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What is the white powder in firecrackers? Answered

I took apart some basic firecrackers, they have a green fuse, waterproof, etc.

So inside, I found some grey-ish powder (suspect it is Gunpowder) and a lot more white powder. The Firecrackers do not give of a huge flash, so I am asking.

What is the white powder, what does it do, and should I keep it?

(Please no answers like "You shouldn't play around with that" and other negative responses. I am looking from a makers point of view.)


Modern firecrackers are a not-so-funny joke. They all consist of a big tube, with a tiny tube inside. This tiny tube contains the explosive: flash powder, silvery gray. Surrounding this tiny tube and taking up the rest of the space is inert white clay. It serves just to help the firecracker look bigger than it is. That's the white powder. Clay.

The brownish powder by the fuse is sawdust the silver powder in the middle is flash powder (aluinum + potassium perchlorate) and the white powder at the bottom of the firecracker is clay.

a greyish powder from a firecracker is most likely going to be firecracker powder which is potasium nitrate/chlorate , aluminium powder (it stains everything it touches silver-grey, and sulfur. the reason it makes no flash is most likey because the recipe is made to vapourize the sulfure and or charcoal inside and combust it using the massive heat given off when alum oxidizes. so instead of having the alum burn like in flash powder (which is meant to give a bright light) it will instead just give off heat and no light (or little light that it hould). i have made this mix a few eeks ago with alum and it combusted simeltanously giving a big poof of smoke, unlike gunpowder which in large quantiies burns slowly (like .2 seconds per gram) hope that answerd your question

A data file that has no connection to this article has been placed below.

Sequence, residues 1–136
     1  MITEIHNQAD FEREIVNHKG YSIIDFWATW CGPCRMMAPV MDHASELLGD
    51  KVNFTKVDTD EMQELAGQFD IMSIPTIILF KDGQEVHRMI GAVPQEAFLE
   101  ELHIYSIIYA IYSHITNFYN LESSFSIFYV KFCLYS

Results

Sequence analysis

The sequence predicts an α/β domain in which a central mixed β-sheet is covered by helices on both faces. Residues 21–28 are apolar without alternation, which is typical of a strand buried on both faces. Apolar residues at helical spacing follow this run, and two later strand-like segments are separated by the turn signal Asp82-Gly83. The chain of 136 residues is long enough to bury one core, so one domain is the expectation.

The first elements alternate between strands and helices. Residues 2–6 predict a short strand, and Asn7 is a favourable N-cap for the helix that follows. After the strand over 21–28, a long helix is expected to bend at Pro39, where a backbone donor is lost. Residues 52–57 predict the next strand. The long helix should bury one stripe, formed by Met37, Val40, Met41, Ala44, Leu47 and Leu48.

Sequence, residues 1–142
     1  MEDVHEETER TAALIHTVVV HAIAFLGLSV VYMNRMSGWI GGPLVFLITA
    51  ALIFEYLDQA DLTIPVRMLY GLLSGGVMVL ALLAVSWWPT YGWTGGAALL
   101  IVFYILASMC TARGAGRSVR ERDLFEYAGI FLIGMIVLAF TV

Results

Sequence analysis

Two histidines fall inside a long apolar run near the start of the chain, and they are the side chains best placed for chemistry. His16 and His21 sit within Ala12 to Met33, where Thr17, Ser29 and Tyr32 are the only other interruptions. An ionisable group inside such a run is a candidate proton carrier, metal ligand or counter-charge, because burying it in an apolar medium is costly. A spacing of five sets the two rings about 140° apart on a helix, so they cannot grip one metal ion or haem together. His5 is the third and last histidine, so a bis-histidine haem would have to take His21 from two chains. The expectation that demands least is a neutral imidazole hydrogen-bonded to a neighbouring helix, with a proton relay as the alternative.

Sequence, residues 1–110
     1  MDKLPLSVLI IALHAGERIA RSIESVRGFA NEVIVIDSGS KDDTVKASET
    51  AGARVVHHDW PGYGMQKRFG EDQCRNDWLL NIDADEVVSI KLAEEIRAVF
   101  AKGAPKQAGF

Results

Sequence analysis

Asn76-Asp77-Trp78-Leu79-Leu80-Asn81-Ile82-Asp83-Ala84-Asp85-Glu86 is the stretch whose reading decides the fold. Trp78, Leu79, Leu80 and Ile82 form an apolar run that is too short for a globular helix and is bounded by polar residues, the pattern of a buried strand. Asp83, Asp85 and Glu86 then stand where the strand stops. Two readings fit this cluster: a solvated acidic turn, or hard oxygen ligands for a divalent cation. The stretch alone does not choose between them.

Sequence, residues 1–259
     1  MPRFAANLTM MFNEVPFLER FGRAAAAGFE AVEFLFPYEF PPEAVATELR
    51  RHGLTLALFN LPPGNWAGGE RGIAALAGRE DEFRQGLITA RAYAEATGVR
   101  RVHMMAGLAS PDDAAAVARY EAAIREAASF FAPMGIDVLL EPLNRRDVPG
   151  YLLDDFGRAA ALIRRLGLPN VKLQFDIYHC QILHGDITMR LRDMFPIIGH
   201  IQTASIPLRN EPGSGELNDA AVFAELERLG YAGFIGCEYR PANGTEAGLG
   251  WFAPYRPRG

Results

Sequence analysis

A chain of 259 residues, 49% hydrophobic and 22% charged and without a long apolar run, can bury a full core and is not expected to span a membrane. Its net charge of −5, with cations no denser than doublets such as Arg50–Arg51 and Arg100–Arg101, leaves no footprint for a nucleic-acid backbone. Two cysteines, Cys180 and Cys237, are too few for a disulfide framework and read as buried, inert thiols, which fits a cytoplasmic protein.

Well, I'll probably check if it is explosive, but I am about 99.99% sure it is not.

Thank you all for your responses, you're the best (:D.

I suspect it's some kind of perchlorate-based mix.



Over here I put some pics of it up (laptop camera D:), on the first question, its like whitish, and crumbly D:

But I got 3 little green fuses and also a little bit of gunpowder.

Way to go. This guy knows his stuff.
i found it-
Chemical Formula : KClO3
Property : colorless crystal or white powder .
Uses : Match, Explosive, Firecrackers, Fireworks .
Storage : avoid fire and moisture, no mixed with organic matter.
here is the location- http://www.ecplaza.net/tradeleads/seller/5285942/sell_potassium_chlorate.html

Aye, but it'll be mixed with something(s)


Clay or combustable, the match test should tell.

Yes, preferably a long match...



8 years ago

Should be the explosive. Take a small amount, put it loosely on a piece of metal or something, outdoors, and touch a match to it. It should go up in a whoosh, no explosion but a cute fireball. Use a LONG match, wear goggles, have a fire extinguisher, etc.
Store is UNCOMPRESSED, do not pack it any amount in any way. Watch out for moisture, which will ruin it, and remember
IF YOU HURT YOURSELF I TAKE NO RESPONSIBILITY> I am assuming you are an intelligent adult, responsible for your own actions. If you are not, we are back to "Dont play with that..."

It's hard to know without seeing the guts of the firecracker you're talking about, BUT:

Most firecrackers have clay packed on both ends of a tube of black powder. Black powder, if ignited in open air, burns vigorously, but won't detonate. It's an incendiary, not an explosive. It's only when it's packed down and compressed that it will explode. A firecracker is a rolled paper tube with a that white powdery clay on both ends, to pack the black powder in.

Worth saving? Not really, unless you feel like using it as kitty litter.